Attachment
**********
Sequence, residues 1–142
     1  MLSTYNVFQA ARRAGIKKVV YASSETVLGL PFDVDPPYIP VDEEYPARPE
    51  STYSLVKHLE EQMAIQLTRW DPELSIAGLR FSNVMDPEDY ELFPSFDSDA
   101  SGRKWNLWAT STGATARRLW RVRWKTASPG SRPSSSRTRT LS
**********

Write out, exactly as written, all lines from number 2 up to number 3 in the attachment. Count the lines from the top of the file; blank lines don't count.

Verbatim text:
     1  MLSTYNVFQA ARRAGIKKVV YASSETVLGL PFDVDPPYIP VDEEYPARPE
    51  STYSLVKHLE EQMAIQLTRW DPELSIAGLR FSNVMDPEDY ELFPSFDSDA